Advantages of a Limited Liability Company

The main benefit of a Limited Liability Company is that its members, like the shareholders of the Corporation, are generally not held liable for the Limited Liability Company’s debts except under circumstances similar to the legal theory of piercing the corporate veil thereby making shareholders liable for the debts of the Corporation as its alter ego.

Limited Liability Company owners are called “Members.” In most states, a Limited Liability Company may be owned either by a single member or by more than one member. If it is owned by one member, i.e., a sole proprietor, it is taxed as a sole proprietorship. If it is owned by one legal entity, such as a corporation, then, for tax purposes, the separateness of the entities is disregarded. If the Limited Liability Company is owned by more than one member it can be taxed as a partnership.

Members of a Limited Liability Company may be persons, corporations, partnerships, trusts, other Limited Liability Company’s, or any other type of legal entity. Unlike “S” corporations, there are no citizenship or residency requirements for members. The Limited Liability Company can be operated by the members themselves, or by their designees known as “Managers.”

Another substantial benefit of a Limited Liability Company is that, in most states, failure to hold or to observe formalities or meetings would not be a factor in deciding a member’s unless such meetings were expressly required in the Operating Agreement of the company. Operating Agreements for Limited Liability Companies are carefully drafted to exclude any requirement of formalities or meetings to minimize the member’s personal liability.

Therefore, it is highly beneficial for a sole proprietor to form a Limited Liability Company so that he will no longer be held personally liable for his company’s debts. Similarly, a Corporation or other legal entity might choose to form a Limited Liability Company for a specific project, thereby avoiding personal financial exposure to possible risks of the project.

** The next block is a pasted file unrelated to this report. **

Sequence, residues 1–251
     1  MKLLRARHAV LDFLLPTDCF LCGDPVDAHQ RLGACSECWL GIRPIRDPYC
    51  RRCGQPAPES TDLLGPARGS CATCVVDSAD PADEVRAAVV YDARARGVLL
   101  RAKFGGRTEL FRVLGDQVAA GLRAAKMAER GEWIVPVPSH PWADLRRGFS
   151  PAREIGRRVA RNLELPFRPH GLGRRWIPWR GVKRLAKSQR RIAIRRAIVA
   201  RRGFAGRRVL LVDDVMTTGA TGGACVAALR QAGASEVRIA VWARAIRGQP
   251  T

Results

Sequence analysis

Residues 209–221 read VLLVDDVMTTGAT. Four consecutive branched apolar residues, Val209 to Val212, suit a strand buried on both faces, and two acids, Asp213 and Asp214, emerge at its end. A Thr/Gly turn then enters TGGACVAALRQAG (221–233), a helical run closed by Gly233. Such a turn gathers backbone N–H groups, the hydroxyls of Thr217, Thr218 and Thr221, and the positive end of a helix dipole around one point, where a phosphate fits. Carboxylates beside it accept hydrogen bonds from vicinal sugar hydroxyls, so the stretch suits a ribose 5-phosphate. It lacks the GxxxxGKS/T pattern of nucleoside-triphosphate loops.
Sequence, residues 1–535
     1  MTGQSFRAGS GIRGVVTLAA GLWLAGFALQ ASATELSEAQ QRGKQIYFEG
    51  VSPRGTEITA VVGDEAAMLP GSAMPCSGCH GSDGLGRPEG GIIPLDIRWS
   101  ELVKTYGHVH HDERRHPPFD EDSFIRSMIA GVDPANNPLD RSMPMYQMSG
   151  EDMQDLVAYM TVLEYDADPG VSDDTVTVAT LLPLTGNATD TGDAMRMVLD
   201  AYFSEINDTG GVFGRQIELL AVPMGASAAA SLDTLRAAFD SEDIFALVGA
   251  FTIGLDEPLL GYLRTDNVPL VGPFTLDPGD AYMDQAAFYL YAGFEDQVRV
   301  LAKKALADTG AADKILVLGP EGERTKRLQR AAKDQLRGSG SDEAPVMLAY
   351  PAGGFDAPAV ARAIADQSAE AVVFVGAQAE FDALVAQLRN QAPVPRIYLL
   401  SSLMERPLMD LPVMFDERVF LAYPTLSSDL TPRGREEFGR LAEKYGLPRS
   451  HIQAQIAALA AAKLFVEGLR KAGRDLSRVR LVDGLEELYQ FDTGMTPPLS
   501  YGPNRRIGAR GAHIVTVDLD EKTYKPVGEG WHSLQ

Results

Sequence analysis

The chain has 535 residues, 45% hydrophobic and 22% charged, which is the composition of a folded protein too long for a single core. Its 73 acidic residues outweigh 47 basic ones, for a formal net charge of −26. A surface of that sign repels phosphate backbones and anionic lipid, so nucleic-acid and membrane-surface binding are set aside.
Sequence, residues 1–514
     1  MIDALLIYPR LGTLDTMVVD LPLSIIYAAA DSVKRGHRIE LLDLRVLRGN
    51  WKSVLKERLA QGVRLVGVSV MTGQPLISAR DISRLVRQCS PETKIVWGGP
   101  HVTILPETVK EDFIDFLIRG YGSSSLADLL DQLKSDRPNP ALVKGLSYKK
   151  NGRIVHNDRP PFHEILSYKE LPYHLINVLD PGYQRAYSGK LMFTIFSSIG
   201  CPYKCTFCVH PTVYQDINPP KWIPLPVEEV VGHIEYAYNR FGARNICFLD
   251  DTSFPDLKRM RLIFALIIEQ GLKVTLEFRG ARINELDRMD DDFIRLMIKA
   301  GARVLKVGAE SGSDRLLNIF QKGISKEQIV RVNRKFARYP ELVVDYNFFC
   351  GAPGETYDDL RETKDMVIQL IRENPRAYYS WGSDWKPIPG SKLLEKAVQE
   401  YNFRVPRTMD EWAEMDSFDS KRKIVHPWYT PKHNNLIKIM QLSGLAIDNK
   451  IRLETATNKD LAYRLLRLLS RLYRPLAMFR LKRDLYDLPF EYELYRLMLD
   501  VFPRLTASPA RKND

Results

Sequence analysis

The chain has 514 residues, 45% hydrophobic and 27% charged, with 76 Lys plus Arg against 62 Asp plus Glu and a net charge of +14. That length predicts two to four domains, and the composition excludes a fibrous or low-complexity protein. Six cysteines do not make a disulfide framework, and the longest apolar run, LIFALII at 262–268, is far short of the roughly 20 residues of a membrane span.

Advantages of LLC over a Limited Partnership

A Limited Liability Company offers absolute limited liability to members while in a partnership, one partner, the general partner, has liability exposure. No Limited Liability Company member has personal liability

In allocating non-recourse debt, Limited Liability Companies provide an advantage over Limited Partnerships

Members of a Limited Liability Company are able to participate in management without risking limited liability status. A limited partner may lose his limited liability status should he become involved in day-to-day management

A member of a Limited Liability Company may be exempt from self-employment taxes on distributions if he does not participate in management and if the entity could have been formed as a Limited Partnership

LLC over an S Corporation

While the S corporations limit their ownership to 75 persons, a Limited Liability Company has no limit

There are no restrictions regarding the character of members of the Limited Liability Company

Upon formation, tax-free transfers can be made to a Limited Liability Company

A Limited Liability Company can own 100% of the stock of another corporation, where an S corporation cannot be a member of any affiliated group

Members of a Limited Liability Company can get a basis increase for their share of the company’s liabilities

A member can step up his basis in his share of the Limited Liability Company’s property to reflect his outside basis in membership interest

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